BIOLOGICAL VERSUS RIGHTS OP-ED
‘Victory’ for Caster Semenya might have serious implications for the category of women’s sport
The European Court for Human Rights ruled in favour of Olympic runner Caster Semenya on Tuesday, saying courts in Switzerland should give her a new chance to fight a requirement that female athletes with high natural testosterone take drugs to lower it.
In 2019, Caster Semenya lost a case at the Court of Arbitration for Sport (CAS), and then went along the process of appeals, all of which she had lost until now.
In the ruling, the court says “that the applicant had not been afforded sufficient institutional and procedural safeguards in Switzerland to allow her to have her complaints examined effectively, especially since her complaints concerned substantiated and credible claims of discrimination as a result of her increased testosterone (T) level caused by differences of sex development [DSD].”
To clarify, DSDs are conditions that affect how we develop typical male or female characteristics. Individuals with the DSDs relevant to sport typically have XY chromosomes and develop functioning testes, which produce testosterone.
For reasons related to various enzymes and subsequent biological processes, they can’t use testosterone in the typical way, which leads to the development of atypical or female-typical genitalia.
At birth, these individuals are often identified as girls, despite having male testes and levels of testosterone, which is what leads to later-in-life challenges for sport’s authorities.
Physiological issues versus legal rights
In 2019, the focus was very much on the physiological issues of the case, and whether the DSD policy that required Semenya and others to reduce T in order to compete was justifiable and necessary.
Once that case was concluded, we (all those involved in CAS first time around) were told that in future, any legal proceedings would be focused more on the process and legal jurisdictions than they would be on the biology.
No scientific or physiological expertise would be necessary. In fact, entirely new teams of lawyers came on at that point to navigate what was a court system totally different from CAS (which is an arbitration process).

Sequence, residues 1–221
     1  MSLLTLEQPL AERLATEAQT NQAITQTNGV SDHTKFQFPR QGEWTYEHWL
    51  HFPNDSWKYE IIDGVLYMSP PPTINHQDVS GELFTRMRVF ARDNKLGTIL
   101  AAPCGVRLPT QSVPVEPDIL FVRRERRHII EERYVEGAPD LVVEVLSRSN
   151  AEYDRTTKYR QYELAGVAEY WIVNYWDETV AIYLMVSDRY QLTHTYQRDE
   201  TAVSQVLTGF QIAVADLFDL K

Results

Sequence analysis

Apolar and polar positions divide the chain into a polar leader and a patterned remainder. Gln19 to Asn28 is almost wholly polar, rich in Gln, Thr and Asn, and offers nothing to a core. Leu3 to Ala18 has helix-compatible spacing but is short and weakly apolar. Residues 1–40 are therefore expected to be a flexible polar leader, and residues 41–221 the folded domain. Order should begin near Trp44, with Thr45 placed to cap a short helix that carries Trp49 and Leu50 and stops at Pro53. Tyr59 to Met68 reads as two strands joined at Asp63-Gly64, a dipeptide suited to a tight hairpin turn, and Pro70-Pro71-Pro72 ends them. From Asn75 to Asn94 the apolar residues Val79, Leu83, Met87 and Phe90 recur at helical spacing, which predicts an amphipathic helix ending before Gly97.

Therefore, I’m not 100% sure what this ECHR decision actually means in practical terms. It certainly is not a judgment that compels World Athletics to set aside its DSD policy and allow those athletes to compete, as has been suggested by a few overzealous sports officials
Instead, the decision is focused on the CAS process, and it may yet be the catalyst to revisit the policy in another challenge, but it is not, in and of itself, a ruling on whether the World Athletics policy is sound.
In other words, the ruling does not speak specifically about the World Athletics policy, but rather about the process by which Semenya could (not, as they rule) challenge that policy.
The next steps may depend on what Semenya decides to do, and whether there is now an appetite to go back to the CAS to revisit and challenge the DSD policy once again.
Presumably, that will re-invite the physiology and scientific debate, with a huge dose of human rights behind it. That policy, meanwhile, has changed — it was updated in March this year along with World Athletics’ revision of its trans guidelines, so the new challenge would have some differences.
One notable change that was made is that the DSD policy is no longer limited to a narrow band of events from 400m to the mile, but encompasses every single event, shot put to marathon.
That strengthens the World Athletic position because trying to explain why male biological advantage would be relevant to some events only undermined the biological basis for the policy in the first instance.
It’s considerably stronger when the biological advantage is recognised in every single discipline. Plus, there’ve been a few more cases since 2019, outside of that event range, and there’s also more research on male vs female differences and the importance of testosterone. The biological position, at least, is stronger.
For their part, World Athletics released a statement that pretty much says the same thing — “it’s not us who were on trial, it was the Swiss court system, and we stand by our policy.”
Biological reality vs human rights in sport?
Viewing it dispassionately, my impression, which I’ll be the first to say is simplified, is that CAS made its decision with a heavy focus on the biological merits of the case.